Welcome to Scribd, the world's digital library. Read, publish, and share books and documents. See more
Standard view
Full view
of .
Look up keyword
Like this
0 of .
Results for:
No results containing your search query
P. 1
Lecture 30

Lecture 30

Ratings: (0)|Views: 1 |Likes:
Published by Jaf Shah

More info:

Published by: Jaf Shah on Sep 02, 2012
Copyright:Attribution Non-commercial


Read on Scribd mobile: iPhone, iPad and Android.
download as PDF, TXT or read online from Scribd
See more
See less





Module 9Population Policy and Family Planning Programmes
Lecture 30: Population PolicySlide 1
INTRODUCTIONThis module focuses on the subject of population policy. It shows the various kinds of policieswhich governments in different countries have and problems they encounter in implementingthem.POPULATION POLICYEarlier lectures have shown that population is intricately linked with development. Therefore, thenational governments may want to examine population dynamics with reference to developmentgoals, identify problems, and take a corrective action. This results in population policy. Here theterm population policy refers to statements of state’s understanding of population trends, theircauses and consequences and measures to interfere in population trends to achieve the intendedgoals. Most governments have a clearly stated policy on population, but some have only a broadunderstanding and a broad vision of population processes. Population policy may addresses oneor more of the following issues:
Population size
Growth rate of population
Regional differences in size or growth rate of population
Fertility rate
Mortality rate
International migration
Internal migration – from one region to another and rural to urban areas
Age of marriage
Slide 2
Social differentials in fertility or mortality or other aspects of population
Social class mobility or shift from agriculture to urban, industrial employment
Strategies to influence the above parameters
Governments have often taken action on the front of population, even without having aclearly stated and officially accepted population policy. For example, in India it was only in year2000 that the parliament approved policy on population when National Population Policy 2000was issued but the government has had a long history of adopting measures to reduce fertilityrate at the national and regional levels. Module 10 discusses that the Central government issuedpopulation policy statements at least two times: one in 1976 during Congress rule; and another in1977 during Janata Party rule. In addition the policy statements of different departments and thevarious Five Year and Annual Plans have shown government’s commitment to check the growthrate of population.PRONATAL AND ANTINATAL POLICIESAs the second half of the twentieth century witnessed development of various theories linkingpopulation growth rate to development and environment and both developed and developingcountries have undergone significant changes in their demographic profile, population policieshave largely focused on whether they encourage or discourage the prevailing reproduction rates.As far as mortality rate – the other vital component of growth – is concerned everybody favoursreduction in death rate and improvement in life expectancy. On migration there has not been aconsensus but most countries welcome those migrants who fill certain vacuum in their labourforce structure and discourage large streams of migrants for the fear of declining culturalstandards and overpopulation.Overall, the countries may be divided into three categories on the basis of population policy:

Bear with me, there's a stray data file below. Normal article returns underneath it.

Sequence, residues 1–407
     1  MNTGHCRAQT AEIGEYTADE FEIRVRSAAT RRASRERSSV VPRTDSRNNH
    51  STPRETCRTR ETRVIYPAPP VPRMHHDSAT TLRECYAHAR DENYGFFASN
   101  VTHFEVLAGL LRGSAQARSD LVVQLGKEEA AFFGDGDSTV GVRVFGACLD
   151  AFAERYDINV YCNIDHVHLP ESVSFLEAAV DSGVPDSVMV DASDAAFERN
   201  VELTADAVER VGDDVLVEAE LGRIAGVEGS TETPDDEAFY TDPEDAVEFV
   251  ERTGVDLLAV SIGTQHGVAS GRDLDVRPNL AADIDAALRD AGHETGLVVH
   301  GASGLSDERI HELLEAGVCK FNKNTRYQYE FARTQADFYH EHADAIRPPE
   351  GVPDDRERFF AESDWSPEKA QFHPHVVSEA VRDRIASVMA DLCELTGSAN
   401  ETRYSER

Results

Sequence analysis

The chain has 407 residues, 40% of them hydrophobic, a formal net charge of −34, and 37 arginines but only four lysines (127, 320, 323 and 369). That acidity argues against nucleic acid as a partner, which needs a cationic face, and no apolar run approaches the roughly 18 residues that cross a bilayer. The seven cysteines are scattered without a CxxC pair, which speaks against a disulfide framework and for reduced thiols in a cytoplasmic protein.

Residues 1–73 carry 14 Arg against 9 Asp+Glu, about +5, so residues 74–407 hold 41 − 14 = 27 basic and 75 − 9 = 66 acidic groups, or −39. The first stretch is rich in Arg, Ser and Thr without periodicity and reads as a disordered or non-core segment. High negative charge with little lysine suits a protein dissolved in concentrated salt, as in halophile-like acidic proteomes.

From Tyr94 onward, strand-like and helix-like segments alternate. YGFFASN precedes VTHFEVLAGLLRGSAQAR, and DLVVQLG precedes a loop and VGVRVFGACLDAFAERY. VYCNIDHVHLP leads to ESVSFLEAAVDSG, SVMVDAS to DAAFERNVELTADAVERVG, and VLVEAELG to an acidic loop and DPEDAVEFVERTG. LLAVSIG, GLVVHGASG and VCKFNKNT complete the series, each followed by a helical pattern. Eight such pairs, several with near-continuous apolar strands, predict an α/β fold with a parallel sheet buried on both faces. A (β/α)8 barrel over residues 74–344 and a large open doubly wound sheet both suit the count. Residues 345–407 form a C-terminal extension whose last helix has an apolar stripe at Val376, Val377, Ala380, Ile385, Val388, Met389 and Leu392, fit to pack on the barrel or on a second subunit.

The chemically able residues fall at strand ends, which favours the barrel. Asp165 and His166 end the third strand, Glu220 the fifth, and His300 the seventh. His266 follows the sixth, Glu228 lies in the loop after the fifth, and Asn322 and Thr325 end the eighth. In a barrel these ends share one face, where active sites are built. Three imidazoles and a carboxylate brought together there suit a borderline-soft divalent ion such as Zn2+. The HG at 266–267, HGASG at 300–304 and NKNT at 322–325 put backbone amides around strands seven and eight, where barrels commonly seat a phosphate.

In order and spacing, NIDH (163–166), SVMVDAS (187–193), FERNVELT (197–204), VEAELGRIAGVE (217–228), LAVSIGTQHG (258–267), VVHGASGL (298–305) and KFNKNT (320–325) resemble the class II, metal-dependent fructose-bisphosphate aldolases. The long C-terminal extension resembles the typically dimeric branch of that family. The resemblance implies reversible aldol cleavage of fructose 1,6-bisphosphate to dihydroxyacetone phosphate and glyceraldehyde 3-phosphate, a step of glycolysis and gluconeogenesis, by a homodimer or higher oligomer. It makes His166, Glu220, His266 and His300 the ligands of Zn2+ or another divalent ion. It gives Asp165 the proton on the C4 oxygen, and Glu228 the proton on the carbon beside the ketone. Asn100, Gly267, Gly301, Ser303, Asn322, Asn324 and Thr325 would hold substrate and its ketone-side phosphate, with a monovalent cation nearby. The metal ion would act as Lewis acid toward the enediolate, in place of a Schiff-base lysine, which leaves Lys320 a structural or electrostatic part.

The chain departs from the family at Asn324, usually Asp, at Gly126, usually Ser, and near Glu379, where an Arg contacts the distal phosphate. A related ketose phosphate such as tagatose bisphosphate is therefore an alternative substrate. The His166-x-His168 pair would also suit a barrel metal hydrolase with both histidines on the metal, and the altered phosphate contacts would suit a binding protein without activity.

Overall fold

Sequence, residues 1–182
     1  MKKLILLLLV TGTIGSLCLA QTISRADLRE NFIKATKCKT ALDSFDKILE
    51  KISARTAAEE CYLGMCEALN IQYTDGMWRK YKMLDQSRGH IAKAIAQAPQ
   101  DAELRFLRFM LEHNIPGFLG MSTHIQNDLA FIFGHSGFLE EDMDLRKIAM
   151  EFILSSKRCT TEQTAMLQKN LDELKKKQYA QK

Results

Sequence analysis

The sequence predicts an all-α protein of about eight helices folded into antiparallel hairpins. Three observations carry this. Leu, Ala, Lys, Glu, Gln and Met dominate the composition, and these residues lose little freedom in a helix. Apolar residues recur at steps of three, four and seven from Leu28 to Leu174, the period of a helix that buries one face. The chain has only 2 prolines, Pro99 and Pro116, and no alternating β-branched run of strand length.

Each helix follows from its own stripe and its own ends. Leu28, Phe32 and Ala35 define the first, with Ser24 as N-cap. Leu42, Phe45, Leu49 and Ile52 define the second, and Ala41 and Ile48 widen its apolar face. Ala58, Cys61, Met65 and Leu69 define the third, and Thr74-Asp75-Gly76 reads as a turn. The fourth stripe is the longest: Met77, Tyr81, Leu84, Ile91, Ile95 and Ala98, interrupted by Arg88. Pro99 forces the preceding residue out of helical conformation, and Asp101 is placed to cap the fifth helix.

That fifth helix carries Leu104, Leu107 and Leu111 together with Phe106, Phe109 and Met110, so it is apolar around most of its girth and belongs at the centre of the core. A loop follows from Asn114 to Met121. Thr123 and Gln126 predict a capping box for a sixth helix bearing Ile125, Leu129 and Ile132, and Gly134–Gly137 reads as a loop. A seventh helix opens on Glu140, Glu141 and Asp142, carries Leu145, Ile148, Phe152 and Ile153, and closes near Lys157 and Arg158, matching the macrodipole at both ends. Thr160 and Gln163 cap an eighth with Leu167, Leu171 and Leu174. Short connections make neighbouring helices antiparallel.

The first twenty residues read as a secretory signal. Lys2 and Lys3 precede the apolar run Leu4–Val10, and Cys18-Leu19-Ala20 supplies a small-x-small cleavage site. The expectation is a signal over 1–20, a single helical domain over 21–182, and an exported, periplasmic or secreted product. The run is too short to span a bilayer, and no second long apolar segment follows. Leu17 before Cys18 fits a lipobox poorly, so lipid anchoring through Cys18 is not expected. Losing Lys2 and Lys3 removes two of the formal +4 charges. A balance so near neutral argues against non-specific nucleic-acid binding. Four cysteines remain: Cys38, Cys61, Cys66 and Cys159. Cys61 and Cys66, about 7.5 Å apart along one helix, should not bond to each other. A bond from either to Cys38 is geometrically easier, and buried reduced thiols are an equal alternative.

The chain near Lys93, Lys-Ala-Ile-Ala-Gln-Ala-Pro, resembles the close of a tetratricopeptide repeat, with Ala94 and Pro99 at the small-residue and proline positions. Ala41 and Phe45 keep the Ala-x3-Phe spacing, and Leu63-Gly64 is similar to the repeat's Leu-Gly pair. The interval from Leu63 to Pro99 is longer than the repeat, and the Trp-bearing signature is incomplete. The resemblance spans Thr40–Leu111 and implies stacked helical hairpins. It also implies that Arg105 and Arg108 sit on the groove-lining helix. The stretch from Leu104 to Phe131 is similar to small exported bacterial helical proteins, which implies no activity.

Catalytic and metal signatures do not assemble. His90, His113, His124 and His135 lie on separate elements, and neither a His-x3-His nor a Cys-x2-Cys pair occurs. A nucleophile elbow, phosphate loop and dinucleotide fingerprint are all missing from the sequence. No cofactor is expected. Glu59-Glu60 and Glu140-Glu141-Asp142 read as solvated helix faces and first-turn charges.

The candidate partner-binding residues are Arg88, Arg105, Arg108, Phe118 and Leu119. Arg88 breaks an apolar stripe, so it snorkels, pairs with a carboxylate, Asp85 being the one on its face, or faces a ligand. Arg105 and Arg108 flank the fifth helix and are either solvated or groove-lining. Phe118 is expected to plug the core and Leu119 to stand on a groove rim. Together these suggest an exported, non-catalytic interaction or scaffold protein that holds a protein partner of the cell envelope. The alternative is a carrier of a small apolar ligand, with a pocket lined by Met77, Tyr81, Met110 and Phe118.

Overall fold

Slide 3
Countries having
no explicit policy
, i.e., no deliberate intervention in population processes;
Countries having
pronatal policy
; and
Countries having
antinatal policy
.Not all countries have an officially declared population policy. There are countries whichhave high growth rate of population but did not deem it necessary to change the situation. Someof them want the growth rate to remain high for religious, political or other reasons. Thus thosewho have no policy may be satisfied with the present trends or believe that socio-economicdevelopment will change the family size in desired direction. Pronatal policy implies a policythat favours raising fertility rate. Antinatal policy implies a policy that attempts to bring downfertility rates.Candidly, the developed countries which have a declining fertility and fear aging of population and declining growth rate favour pronatal policy, the developing countries favour theopposite. The developing countries have faced the population explosion in much of 1960s and1970s and fear adverse effects of population on savings and capital, and culture and society.They have antinatal population policy.The policy statements are expected to include: discussion of the present demographicscenario; their implications for development; statement of a preferred demographic scenariocommensurate with the short term and long term development goals of the country; andstrategies to materialize the preferred demographic scenario, often combined with time boundtargets and calculations of requirements of resources. The policy statement is issued with theapproval of the head of the state and is not simply a statement of goals of its intellectuals,academicians, political parties, or one particular department of government.PARTICIPANTS IN POPULATION POLICYJain (1998) identifies the following nine participants in population policy.

You're Reading a Free Preview

/*********** DO NOT ALTER ANYTHING BELOW THIS LINE ! ************/ var s_code=s.t();if(s_code)document.write(s_code)//-->